President Clinton heard a lot of ideas about how to fix Social Security last week. Two of them previewed Dec. 1 at a debate sponsored by Dreyfus Institutional Investors and Foreign Relations in New York.
Henry J. Aaron, a senior fellow at the Brookings Institution in Washington, gave his nod to a plan that could place as much as 40% of Social Security assets in equity markets by 2015.
Sylvester J. Schieber, vice president and director for Watson Wyatt Worldwide in Bethesda, Md., countered that such a move would still leave the system more than $2 trillion short of meeting its unfunded liabilities in 2020, when droves of baby boomers will be eligible for benefits.
Mr. Aaron advocated a plan that called for Congress to set up a board to make investment decisions about Social Security assets. For example, the board would have the responsibility to hire and fire index managers, he said. He added it could operate like the Federal Reserve Board, which makes monetary policy without government control.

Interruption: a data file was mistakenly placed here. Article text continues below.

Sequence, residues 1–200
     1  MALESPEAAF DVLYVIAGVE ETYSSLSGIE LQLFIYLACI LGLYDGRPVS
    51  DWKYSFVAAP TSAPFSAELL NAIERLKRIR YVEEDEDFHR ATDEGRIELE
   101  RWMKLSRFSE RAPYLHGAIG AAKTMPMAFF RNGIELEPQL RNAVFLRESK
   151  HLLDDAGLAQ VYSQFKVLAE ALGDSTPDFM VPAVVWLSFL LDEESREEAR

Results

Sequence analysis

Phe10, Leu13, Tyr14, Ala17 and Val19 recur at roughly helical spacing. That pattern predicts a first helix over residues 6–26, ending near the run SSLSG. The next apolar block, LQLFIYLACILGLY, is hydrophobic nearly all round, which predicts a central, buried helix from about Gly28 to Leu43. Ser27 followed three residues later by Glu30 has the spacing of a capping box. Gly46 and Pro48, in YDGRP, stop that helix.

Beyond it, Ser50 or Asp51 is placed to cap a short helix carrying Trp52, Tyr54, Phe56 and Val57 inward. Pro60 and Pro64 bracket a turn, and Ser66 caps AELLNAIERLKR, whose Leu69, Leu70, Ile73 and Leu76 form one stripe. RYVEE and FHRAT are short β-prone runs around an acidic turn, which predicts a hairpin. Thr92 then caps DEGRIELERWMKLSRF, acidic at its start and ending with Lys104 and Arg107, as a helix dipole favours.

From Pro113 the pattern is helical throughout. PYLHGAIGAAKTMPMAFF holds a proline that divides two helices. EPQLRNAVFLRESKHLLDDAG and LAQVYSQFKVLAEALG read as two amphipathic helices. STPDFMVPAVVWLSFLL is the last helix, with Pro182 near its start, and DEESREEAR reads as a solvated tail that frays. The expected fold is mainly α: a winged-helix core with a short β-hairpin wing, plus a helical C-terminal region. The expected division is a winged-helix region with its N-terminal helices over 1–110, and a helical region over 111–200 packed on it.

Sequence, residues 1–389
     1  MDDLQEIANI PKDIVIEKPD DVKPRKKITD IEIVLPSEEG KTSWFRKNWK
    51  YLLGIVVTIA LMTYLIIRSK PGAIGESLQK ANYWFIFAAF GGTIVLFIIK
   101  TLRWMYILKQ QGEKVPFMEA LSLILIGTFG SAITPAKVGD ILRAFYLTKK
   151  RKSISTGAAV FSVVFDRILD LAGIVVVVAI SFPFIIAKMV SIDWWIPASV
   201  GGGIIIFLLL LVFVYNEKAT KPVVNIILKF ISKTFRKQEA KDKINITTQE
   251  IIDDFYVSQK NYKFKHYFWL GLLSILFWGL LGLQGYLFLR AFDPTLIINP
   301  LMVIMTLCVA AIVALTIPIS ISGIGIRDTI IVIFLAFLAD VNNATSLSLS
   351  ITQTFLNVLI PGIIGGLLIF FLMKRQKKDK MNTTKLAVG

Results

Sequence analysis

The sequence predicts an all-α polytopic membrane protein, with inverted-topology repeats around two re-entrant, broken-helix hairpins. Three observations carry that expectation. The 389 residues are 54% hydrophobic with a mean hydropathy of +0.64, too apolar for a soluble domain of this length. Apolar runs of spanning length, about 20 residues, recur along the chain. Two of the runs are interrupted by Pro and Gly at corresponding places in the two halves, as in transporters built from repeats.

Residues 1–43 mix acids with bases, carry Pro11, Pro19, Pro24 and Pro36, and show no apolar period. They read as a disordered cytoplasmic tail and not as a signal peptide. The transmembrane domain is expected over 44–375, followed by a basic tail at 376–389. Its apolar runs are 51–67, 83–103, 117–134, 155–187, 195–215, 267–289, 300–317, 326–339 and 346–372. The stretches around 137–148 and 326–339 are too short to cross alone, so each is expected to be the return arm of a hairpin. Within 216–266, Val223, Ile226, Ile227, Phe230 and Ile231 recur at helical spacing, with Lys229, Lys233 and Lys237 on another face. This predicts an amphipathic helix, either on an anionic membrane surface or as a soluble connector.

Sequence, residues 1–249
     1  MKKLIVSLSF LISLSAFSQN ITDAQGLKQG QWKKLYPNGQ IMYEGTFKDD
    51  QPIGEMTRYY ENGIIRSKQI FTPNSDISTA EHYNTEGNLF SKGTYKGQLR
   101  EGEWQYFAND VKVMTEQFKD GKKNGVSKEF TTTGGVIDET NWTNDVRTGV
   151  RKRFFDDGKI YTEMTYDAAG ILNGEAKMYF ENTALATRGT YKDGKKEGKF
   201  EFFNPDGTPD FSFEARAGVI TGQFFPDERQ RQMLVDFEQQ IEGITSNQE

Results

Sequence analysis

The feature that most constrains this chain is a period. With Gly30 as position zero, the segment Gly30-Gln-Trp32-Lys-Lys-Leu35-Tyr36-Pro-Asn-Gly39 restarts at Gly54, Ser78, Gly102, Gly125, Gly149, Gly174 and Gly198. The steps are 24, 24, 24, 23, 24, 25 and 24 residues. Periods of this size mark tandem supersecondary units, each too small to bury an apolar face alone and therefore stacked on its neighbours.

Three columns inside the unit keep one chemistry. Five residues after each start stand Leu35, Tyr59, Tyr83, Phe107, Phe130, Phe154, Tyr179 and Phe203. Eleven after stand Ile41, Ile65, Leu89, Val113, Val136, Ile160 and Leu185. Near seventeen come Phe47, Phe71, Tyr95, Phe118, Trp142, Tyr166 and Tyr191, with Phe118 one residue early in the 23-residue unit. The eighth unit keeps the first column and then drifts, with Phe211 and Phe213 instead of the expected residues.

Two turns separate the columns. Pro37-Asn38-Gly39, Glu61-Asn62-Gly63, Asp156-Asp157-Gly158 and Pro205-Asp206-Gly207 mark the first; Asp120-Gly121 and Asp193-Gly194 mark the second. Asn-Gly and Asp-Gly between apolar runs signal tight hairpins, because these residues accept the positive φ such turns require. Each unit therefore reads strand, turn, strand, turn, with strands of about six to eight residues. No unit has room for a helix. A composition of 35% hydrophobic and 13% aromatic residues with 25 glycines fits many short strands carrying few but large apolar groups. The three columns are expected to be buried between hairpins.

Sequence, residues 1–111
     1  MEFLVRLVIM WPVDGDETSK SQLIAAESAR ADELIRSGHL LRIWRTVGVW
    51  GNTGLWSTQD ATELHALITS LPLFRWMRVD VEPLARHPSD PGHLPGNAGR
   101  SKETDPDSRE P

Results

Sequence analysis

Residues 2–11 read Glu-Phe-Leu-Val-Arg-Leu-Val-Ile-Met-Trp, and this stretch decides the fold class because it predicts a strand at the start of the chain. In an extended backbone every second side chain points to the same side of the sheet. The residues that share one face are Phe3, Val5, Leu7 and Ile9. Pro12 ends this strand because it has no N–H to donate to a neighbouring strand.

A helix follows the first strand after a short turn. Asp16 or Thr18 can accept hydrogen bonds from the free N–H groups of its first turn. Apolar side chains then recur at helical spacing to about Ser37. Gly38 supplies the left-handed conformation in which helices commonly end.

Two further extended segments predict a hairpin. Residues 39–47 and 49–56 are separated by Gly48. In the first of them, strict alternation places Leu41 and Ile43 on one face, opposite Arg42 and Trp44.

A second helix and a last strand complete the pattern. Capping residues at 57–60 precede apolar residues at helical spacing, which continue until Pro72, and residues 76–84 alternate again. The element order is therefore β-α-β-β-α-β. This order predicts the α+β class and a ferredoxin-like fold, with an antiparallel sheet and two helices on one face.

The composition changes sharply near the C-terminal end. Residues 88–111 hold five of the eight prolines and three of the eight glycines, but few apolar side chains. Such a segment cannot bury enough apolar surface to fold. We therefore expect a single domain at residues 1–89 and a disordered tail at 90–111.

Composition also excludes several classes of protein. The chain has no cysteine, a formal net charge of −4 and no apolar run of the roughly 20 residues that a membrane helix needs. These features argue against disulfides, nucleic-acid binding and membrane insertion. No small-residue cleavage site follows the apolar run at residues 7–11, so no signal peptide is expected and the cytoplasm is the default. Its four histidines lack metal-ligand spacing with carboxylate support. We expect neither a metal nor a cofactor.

Social Security must "increase the rate of return on pension reserves on assets other than governments bonds," he said.
Mr. Schieber argued such investing would not cover the looming liability. Calling for a system based on a more "dynamic, defined contribution approach," he argued American workers should have the right to invest their Social Security funds in 401(k)-style plans.
"It allows workers to feel they are more secure. They also might put more money into the pot," he said. Both men have advised the president on Social Security in the past.
"The president is a lawyer," Mr. Aaron said. And like any lawyer, he added, President Clinton will gather his evidence, write a brief and eventually present that to his judge -- "and that's the American people."